Maid says boss sacked her over pregnancy, seeks HK$500,000

09 September 2016
The Indonesian maid filed a case of sexual discrimination against her former employer for allegedly forcing her to resign after learning of her pregnancy. The Indonesian maid filed a case of sexual discrimination against her former employer for allegedly forcing her to resign after learning of her pregnancy. Photo: HKEJ

An Indonesian domestic helper is demanding HK$500,000 in compensation for moral damages and income loss from her former employer, who allegedly forced her to resign after she informed her that she was pregnant last year.

The maid has filed a case of sexual discrimination against her ex-employer surnamed Lai at a district court, Headline Daily reports.

Lai employed the helper between Jan. 25, 2010 and June 13, 2015 to work at a unit at Charming Garden in Mong Kok for HK$4,010 a month, according to a writ sent to the court.

On March 12 last year, the helper learned that she was pregnant for 16 weeks and informed Lai about her condition, showing her a medical certificate.

Lai allegedly told the maid to resign immediately, but she refused to do so, saying would only quit after the baby was born. She said she could still work for Lai during her pregnancy.

In May last year, Lai allegedly told the maid that another helper had been hired, but still she refused to sign a letter terminating her employment contract. According to the maid, Lai repeatedly told her there would be much trouble if she refused to cooperate.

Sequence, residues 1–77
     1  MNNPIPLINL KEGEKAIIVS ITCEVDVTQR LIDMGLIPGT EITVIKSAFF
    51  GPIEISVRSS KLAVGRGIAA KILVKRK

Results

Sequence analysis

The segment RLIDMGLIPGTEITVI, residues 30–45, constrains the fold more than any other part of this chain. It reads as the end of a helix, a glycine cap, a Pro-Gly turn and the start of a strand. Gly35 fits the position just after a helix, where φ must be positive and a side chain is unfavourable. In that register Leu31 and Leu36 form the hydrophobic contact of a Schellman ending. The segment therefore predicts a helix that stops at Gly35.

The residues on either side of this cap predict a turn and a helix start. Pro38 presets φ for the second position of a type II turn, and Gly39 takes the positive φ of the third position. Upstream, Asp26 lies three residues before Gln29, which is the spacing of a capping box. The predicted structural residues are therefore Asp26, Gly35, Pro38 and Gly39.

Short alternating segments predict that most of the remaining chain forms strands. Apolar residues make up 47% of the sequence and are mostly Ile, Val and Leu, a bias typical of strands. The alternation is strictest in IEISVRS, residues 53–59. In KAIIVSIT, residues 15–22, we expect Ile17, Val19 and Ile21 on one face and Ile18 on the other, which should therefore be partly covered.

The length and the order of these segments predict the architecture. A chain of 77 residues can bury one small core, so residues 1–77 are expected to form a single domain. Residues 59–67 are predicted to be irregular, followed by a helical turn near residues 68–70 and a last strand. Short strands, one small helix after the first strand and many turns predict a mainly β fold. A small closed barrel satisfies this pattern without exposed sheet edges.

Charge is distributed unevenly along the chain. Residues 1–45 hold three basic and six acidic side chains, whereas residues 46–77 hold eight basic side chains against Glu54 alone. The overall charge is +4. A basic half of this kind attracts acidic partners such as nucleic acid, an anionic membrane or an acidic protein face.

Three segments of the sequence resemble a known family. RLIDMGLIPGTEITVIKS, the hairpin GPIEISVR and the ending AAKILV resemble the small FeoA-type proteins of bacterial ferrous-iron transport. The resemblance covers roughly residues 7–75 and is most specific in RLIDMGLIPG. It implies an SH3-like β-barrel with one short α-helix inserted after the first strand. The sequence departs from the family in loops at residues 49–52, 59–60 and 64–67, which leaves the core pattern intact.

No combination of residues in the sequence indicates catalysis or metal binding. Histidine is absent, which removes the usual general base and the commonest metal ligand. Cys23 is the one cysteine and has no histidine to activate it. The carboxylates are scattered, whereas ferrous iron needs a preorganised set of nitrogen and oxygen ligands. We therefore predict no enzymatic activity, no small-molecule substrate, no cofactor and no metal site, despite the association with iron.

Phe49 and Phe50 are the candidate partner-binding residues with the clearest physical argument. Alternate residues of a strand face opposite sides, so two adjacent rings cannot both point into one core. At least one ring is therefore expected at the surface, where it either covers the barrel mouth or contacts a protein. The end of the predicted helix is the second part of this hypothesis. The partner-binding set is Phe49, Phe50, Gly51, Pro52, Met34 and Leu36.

She later informed the helper that her agent had already submitted the termination letter to the Immigration Department and ordered the helper to sign the resignation letter that said she quit for personal reasons, the maid said.

Lai allegedly reminded the helper not to disclose her pregnancy in the resignation letter. Lai was also said to have told the helper that if she wanted to keep the job she had to promise to work for her for the next 10 years until her daughter turned 15.

When the helper said she could not agree to such a condition, Lai allegedly told her that she would not allow the helper to bring her baby home and asked her to live with her boyfriend instead. With the maid standing her ground, Lai allegedly tried another approach, crying and begging her to leave.

The helper agreed to sign the resignation letter if Lai would give her a long service payment of around HK$14,000, but Lai refused to pay. The helper finally left on June 13, 2015, saying she was moving out under stress and anxiety.

In her petition, she said her employment was unreasonably terminated and she is therefore asking for a compensation of over HK$30,000 for loss of income plus medical expenses for prenatal check-ups and delivery amounting to about HK$44,000 as she was out of a contract when her baby was born on Aug. 26 last year.

The helper also asked for maternity leave and long service payments totaling HK$32,000, plus a compensation of HK$150,000 for unreasonable termination of employment and HK$300,000 for causing her to suffer depression.

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